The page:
That was not the case with FTC's first attempt, which stunned business by proposing to restrict all telemarketers from using common tactics, such as follow-up calls, while imposing some burdensome new requirements. This dragnet approach was meant to snare the con artists that use telemarketing to prey on vulnerable consumers, but it threatened to force countless honest marketers to make costly, and unneeded, changes in their telemarketing programs, too.
This is the sort of informed pragmatism we hoped the FTC would embrace when Democrat Robert Pitofsky assumed the chairmanship this year. Mr. Pitofsky, from previous tours at FTC as a key ad regulation policymaker and as a commissioner, knows blunderbuss tactics that cripple all marketers to get at the crooks can turn legitimate business people from FTC allies to FTC foes.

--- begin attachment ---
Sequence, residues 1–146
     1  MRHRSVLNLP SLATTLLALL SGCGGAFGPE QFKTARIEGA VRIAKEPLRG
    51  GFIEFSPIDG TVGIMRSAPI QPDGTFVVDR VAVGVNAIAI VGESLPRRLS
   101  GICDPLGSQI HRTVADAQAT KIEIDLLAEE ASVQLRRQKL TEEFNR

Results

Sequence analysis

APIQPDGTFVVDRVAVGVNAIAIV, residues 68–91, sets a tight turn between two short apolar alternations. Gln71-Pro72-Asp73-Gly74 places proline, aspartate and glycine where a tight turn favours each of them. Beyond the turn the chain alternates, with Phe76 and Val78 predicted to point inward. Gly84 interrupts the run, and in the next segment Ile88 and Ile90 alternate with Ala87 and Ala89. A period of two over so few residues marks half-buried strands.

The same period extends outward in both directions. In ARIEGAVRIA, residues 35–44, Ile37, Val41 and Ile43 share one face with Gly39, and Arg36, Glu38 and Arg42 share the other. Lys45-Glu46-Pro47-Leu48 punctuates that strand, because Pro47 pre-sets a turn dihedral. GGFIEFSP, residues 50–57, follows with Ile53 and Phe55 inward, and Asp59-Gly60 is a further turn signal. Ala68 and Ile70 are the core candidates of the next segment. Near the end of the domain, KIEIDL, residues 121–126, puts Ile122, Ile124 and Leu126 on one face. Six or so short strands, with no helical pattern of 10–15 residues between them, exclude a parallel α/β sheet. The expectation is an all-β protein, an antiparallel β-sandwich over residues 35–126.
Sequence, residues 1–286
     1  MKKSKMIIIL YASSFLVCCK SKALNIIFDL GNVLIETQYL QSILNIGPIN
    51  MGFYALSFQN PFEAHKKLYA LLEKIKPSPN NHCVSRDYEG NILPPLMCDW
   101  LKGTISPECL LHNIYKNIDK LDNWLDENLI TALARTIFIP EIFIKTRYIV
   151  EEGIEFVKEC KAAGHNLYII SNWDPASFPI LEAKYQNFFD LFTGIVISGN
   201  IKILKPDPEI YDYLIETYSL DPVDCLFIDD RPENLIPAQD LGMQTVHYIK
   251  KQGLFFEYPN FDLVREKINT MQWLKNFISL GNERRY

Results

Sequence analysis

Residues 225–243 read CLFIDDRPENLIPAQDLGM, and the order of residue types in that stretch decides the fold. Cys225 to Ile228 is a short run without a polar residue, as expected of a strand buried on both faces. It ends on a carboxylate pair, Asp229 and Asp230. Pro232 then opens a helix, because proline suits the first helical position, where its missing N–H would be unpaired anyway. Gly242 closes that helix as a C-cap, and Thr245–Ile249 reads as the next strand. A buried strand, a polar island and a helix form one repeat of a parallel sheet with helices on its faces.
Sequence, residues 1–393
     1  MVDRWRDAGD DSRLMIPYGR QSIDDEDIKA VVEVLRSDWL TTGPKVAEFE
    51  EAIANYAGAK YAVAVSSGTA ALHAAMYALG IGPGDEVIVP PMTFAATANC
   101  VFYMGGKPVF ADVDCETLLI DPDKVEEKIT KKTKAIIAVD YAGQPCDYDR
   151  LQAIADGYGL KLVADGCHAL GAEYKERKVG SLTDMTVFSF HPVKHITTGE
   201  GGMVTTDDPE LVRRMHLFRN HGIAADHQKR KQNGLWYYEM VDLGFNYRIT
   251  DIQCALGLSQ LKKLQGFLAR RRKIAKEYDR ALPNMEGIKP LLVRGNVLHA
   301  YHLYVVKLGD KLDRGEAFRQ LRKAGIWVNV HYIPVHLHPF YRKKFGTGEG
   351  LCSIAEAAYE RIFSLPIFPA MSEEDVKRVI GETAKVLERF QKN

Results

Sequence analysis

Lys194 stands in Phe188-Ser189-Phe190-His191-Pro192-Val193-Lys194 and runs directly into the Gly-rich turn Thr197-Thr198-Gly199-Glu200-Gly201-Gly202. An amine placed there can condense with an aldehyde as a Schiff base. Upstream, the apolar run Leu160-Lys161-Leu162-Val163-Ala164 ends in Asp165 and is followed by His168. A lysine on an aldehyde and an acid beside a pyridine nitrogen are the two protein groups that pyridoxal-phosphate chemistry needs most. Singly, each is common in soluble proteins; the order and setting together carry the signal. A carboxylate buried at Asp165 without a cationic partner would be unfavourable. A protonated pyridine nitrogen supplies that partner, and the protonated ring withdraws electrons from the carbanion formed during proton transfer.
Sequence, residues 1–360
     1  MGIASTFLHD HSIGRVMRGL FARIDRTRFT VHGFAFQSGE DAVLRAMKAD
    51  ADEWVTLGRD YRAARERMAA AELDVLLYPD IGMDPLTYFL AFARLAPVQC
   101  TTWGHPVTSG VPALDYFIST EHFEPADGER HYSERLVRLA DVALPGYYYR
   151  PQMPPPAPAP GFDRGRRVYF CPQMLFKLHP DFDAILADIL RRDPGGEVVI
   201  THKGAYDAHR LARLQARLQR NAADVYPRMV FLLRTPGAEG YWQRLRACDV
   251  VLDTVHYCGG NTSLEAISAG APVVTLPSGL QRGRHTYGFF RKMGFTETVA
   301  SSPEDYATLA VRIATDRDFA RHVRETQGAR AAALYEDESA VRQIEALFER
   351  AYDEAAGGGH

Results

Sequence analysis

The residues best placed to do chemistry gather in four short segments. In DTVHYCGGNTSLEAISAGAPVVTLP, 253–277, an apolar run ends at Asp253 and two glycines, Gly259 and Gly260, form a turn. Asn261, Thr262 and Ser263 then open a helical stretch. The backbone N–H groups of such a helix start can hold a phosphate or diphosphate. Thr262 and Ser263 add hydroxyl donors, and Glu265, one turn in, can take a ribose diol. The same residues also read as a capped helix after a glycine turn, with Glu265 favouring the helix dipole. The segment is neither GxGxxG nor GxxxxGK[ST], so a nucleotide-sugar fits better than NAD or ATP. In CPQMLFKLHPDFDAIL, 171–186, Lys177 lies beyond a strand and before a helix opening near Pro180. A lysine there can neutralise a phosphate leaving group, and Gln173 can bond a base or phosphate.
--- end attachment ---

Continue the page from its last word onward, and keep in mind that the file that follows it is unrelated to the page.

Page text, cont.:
Pragmatism is not timidity, however. This FTC will be no pushover on accuracy in advertising, and ad leaders eager for FTC to replace the Food & Drug Administration as chief regulator of prescription product advertising to consumers should keep that in mind. FTC might bring welcome flexibility, but it would be smart to check Chairman Pitofsky's thinking before ad leaders go much further.